In celebrating International Women’s Day today, it’s important to note the ongoing imbalance in our sector – cybersecurity. Only around 16% of the UK’s cyber workforce are women, alongside 17% from ethnically diverse backgrounds, and 9% neurodiverse individuals. We could not find data about non-binary or transgender individuals in the cyber workforce.
So, today, we want to highlight some of the brilliant women, communities of women and resources in the cybersecurity industry:
Women in Cybersecurity
Nasrin is SVP, Chief Information Security Officer at Verizon with over 20 years of experience. She is a global technology risk and security executive with a track record of creating formalised, comprehensive risk management strategies and processes. She has expertise in both strategy development and execution for large-scale security architecture, governance, operation and compliance.
Lindy is the CEO of the National Cyber Security Centre. She became NCSC CEO with more than two decades of national security policy and crisis management experience. She was previously a Director-General in the Northern Ireland Office and at the Department for International Development (DFID).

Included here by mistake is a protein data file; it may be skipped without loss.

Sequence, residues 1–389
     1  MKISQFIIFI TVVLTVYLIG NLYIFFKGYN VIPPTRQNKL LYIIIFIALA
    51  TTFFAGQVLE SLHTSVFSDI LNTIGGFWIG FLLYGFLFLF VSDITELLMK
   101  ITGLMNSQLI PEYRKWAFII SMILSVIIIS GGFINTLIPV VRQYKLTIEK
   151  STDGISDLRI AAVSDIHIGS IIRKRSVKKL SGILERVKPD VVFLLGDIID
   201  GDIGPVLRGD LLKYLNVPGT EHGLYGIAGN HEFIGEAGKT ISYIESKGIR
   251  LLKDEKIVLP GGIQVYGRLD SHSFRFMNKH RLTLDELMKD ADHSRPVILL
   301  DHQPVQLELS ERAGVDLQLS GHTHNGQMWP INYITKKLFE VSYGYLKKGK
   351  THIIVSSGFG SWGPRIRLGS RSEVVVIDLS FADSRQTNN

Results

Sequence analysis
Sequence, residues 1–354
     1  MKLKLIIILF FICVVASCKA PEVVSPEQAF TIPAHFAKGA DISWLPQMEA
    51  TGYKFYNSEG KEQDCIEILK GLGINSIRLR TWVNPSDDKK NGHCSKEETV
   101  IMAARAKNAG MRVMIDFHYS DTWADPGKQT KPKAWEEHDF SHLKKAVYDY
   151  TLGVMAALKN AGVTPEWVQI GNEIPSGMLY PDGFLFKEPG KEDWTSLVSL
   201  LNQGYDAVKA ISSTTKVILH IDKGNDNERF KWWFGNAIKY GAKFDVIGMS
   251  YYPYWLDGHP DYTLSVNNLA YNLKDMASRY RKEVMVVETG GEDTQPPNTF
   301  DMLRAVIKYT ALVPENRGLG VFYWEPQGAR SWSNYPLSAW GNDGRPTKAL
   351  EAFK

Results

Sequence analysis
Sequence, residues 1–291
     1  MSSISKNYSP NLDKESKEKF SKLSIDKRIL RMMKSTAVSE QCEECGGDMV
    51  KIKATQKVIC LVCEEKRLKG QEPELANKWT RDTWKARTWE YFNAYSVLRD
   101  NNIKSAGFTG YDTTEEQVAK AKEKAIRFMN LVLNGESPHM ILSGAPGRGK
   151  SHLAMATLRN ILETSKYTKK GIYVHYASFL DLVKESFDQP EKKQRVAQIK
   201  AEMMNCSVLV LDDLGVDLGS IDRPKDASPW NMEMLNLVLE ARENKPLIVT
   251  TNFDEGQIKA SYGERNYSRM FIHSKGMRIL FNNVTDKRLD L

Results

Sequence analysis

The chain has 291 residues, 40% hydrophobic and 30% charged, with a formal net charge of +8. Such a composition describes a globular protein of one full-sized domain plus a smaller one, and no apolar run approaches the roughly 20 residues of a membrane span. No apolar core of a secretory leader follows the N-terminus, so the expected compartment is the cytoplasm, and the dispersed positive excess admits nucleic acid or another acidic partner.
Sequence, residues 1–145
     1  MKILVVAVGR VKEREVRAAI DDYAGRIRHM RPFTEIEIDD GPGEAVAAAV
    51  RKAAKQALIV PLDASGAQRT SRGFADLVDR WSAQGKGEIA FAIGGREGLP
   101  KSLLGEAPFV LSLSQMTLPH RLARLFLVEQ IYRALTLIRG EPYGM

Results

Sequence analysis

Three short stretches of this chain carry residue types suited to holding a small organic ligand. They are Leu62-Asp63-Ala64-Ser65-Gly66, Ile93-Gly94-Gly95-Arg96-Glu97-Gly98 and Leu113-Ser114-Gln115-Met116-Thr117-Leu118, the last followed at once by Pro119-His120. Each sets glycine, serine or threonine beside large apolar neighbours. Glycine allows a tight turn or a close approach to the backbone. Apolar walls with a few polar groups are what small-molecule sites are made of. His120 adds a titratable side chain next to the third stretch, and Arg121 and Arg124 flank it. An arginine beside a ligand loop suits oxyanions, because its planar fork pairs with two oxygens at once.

Diana is a Technical Committee Member – IT Security at Kenya Bureau of Standards and Product Digital Compliance (AFRIKA KOMMT! Fellow) at SAP. She believes that data security is a human right, and is an experienced conference speaker with the objectives of creating more user awareness on cybersecurity, giving technical talks, and encouraging more women in leadership and politics.
Marnie is the Global Head of Security and Technology Risk Management (CISO) for Wayfair. She has directed information security and multi-discipline risk management programmes for more than 15 years across multiple industries, providing a unique set of skills and experience to improve risk outcomes and enable businesses to incorporate risk management while maintaining speed and agility.
Read stories from women working in the UK’s cybersecurity industry and learn more about their experiences, as well as their advice for women considering working in the cyber industry.
InfoSec Girls’ main objective is to get women curious about information security. The organisation aims to do this by encouraging more women to actively participate in events like security conferences and community meet-ups.